Legislative end of plan dashes hopes for health care cost relief (CA/McKenzie)
Na’Kenya Myers falls in the Affordable Care Act’s gap for health coverage in Tennessee, earning too much in a guest services job to qualify for TennCare but too little get subsidized health insurance on the Healthcare.gov marketplace. Myers, like 63-year-old James McKinley, on Thursday turned to the Church Health Center for health care they couldn’t otherwise afford. “Thank God for them,” Myers said. “If it wouldn’t have been for them, I wouldn’t have any care.” If Gov. Bill Haslam’s Insure Tennessee health care plan had survived in the state legislature a day earlier, Tennesseans in the gap could look forward to health coverage.
Leaders weigh in on Insure Tennessee defeat (Tennessean)
Here are some of the quotes and statements from leaders across the state and in Washington, D.C., about the defeat of Gov. Bill Haslam’s Insure Tennessee proposal, or SJR0001 as it was filed in the Senate, in the Senate Health and Welfare Committee: •Lt. Gov. Ron Ramsey: “Governor Haslam’s hard work and passion on Insure Tennessee has been made clear this week. While many questions have been answered during this special session, several questions remain unanswered. Ultimately, the absence of a clear, written agreement between the federal government and the State of Tennessee made passage impossible.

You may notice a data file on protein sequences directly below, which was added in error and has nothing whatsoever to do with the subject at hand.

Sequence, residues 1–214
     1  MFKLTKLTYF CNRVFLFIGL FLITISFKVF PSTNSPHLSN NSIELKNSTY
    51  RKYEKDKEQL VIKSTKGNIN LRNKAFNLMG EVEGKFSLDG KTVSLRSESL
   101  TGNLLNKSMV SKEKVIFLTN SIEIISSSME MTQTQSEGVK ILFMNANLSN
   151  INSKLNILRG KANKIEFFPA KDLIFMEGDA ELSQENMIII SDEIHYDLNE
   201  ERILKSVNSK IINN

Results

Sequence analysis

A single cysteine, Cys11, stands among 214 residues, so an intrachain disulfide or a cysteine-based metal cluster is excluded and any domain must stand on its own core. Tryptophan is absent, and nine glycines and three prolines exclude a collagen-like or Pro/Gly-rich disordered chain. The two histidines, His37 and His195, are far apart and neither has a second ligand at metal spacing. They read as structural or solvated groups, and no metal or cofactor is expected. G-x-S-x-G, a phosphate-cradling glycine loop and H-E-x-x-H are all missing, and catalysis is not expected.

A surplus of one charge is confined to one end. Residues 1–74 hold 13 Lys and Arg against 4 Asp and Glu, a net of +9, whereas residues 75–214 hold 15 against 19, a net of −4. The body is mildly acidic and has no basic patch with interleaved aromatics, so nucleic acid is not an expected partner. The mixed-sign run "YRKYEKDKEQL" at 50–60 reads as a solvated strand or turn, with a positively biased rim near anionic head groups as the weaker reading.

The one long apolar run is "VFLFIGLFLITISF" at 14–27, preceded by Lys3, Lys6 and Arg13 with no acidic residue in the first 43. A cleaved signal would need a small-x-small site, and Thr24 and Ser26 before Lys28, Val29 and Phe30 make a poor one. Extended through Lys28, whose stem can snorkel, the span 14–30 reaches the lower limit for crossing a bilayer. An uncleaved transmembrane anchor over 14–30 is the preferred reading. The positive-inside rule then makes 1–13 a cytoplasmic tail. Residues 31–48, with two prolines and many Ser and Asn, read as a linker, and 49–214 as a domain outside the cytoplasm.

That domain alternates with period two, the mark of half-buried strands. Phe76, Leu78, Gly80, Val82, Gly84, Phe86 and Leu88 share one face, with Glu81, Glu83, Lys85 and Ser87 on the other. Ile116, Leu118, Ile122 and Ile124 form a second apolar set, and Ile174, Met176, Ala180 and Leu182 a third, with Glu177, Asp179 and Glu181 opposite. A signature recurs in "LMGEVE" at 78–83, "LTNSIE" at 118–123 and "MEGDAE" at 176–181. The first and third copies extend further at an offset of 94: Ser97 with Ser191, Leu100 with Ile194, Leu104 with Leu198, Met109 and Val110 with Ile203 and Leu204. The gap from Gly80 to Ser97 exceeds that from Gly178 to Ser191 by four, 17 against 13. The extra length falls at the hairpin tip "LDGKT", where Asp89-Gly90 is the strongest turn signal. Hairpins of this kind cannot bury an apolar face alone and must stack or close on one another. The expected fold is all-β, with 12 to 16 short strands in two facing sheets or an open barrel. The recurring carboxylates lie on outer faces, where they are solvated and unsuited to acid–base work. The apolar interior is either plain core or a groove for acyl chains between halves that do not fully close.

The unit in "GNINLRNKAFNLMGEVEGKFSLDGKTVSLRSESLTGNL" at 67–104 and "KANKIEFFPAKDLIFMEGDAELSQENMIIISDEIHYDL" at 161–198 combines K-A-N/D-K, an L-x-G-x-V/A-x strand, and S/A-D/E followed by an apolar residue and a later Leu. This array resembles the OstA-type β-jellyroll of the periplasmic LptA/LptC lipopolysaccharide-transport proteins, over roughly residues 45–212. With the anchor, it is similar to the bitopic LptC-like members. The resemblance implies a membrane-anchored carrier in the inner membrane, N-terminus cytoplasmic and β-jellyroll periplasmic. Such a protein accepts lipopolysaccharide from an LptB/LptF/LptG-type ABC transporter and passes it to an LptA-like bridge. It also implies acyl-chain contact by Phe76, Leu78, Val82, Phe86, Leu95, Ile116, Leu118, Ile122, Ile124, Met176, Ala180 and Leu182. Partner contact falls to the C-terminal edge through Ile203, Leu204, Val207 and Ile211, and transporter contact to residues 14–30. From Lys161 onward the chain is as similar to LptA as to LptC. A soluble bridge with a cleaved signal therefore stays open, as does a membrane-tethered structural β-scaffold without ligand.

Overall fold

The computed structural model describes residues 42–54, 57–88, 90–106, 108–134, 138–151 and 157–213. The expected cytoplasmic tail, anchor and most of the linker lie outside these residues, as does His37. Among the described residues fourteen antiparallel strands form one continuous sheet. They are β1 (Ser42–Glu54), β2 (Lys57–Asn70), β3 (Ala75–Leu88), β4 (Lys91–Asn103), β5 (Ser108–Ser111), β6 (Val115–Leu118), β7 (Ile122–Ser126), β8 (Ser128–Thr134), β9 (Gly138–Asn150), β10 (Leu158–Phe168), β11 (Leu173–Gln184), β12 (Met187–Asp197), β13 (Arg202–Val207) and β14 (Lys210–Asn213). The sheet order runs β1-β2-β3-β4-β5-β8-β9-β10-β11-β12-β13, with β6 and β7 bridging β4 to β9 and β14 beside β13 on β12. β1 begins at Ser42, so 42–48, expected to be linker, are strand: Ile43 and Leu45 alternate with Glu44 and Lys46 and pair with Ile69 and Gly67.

Responses to Insure Tennessee’s Early Termination (TN Report)
Medicaid expansion is dead in the Volunteer State. And it isn’t likely to get resurrected any time soon. On Wednesday afternoon, the Tennessee Senate’s Health and Welfare Committee voted 7-4 to kill Gov. Bill Haslam’s “Insure Tennessee” plan, which he and his advisers designed as a “market-based” program to provide health coverage to around 300,000 Tennesseans using Medicaid expansion funding through the Affordable Care Act. Haslam described “Insure Tennessee” as an innovative “third way” to furnish health insurance to the not-so-well-off. The governor had hoped his policy offering would satisfy both the Obama administration and the Republican supermajority controlling the Tennessee General Assembly.
Sen. Crowe: Lack of assurance led to vote against plan (Johnson City Press)